Cladistic Analysis of Human Apolipoprotein A4 Polymorphisms in Relation to Quantitative Plasma Lipid Risk Factors of Coronary Heart Disease

    G. Q. Wang
    Summary Genetic variation in several genes involved in lipid metabolism is known to affect population variation in quantitative lipid risk factor profiles for coronary heart disease (CHD). The apolipoprotein A-IV gene (APOA4) is one such candidate gene. We genotyped five polymorphisms in the APOA4 gene (codon 127, codon 130, codon347, codon 360 and 3' VNTR) and investigated their impact on plasma lipid trait levels in three populations comprising 604 U.S. non-Hispanic Whites (NHWs), 408 U.S. Hispanics and 708 Nigerian Blacks. Cladistic analysis was carried out to identify 5-site haplotypes that were associated with significant phenotypic differences in each population. The distribution of APOA4 genotypes was significantly different between ethnic groups. The Africans were monomorphic for two of the five sites (codons 130 and 360), but possess a unique 12 bp insertion that was not observed in NHWs and Hispanics. Due to linkage disequilibrium between the sites, only 6 haplotypes were observed in NHWs and Hispanics, and 4 in Africans. Several gender-and ethnic-specific associations between genotypes and plasma lipid traits were observed when single sites were used. Several haplotypes were identified by cladistic analysis that may carry functional mutations that affect plasma lipid trait levels. [source]

    S23.1: Personality, Cancer and Coronary Heart Disease: First Results from the Heidelberg Longitudinal Study

    Manfred Amelang
    No abstract is available for this article. [source]

    Sensitivity Analysis for Principal Stratum Direct Effects, with an Application to a Study of Physical Activity and Coronary Heart Disease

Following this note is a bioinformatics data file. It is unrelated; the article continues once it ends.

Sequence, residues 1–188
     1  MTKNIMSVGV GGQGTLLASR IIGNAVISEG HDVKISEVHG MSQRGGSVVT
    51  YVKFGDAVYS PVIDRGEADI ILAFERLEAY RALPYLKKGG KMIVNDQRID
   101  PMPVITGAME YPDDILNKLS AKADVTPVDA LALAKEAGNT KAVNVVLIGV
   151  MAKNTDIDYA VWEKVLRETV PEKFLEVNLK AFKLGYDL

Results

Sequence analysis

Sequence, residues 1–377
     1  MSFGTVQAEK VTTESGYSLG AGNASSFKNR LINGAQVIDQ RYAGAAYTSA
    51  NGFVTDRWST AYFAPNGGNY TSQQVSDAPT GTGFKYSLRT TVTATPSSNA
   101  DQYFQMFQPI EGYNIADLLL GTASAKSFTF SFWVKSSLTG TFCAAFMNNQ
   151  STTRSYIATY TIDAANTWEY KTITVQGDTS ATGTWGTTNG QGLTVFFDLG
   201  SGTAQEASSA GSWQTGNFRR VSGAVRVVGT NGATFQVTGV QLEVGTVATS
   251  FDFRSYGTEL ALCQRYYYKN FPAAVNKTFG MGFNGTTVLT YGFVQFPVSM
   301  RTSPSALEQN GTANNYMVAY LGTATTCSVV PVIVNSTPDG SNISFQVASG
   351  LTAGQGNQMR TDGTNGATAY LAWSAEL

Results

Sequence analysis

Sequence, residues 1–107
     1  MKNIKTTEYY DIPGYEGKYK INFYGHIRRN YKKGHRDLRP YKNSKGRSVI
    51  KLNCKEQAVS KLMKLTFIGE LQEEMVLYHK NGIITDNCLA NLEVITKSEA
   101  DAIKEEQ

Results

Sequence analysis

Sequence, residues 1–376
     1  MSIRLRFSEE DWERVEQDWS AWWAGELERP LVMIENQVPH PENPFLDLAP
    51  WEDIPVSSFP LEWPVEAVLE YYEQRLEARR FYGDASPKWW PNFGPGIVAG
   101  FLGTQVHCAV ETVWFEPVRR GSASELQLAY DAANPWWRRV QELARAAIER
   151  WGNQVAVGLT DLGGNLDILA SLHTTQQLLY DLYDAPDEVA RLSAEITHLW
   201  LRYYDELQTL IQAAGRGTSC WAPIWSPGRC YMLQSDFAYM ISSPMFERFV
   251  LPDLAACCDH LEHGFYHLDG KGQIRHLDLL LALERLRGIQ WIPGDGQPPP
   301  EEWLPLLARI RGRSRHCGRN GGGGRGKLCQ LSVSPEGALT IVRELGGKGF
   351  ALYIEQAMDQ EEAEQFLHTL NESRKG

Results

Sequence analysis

BIOMETRICS, Issue 2 2009
    Arvid Sjölander
    Summary In many studies, the aim is to learn about the direct exposure effect, that is, the effect not mediated through an intermediate variable. For example, in circulation disease studies it may be of interest to assess whether a suitable level of physical activity can prevent disease, even if it fails to prevent obesity. It is well known that stratification on the intermediate may introduce a so-called posttreatment selection bias. To handle this problem, we use the framework of principal stratification (Frangakis and Rubin, 2002, Biometrics58, 21,29) to define a causally relevant estimand,the principal stratum direct effect (PSDE). The PSDE is not identified in our setting. We propose a method of sensitivity analysis that yields a range of plausible values for the causal estimand. We compare our work to similar methods proposed in the literature for handling the related problem of "truncation by death." [source]

    The Role of Lipid-lowering Therapy in Preventing Coronary Heart Disease in Patients with Type 2 Diabetes

    Dean G. Karalis M.D., F.A.C.C.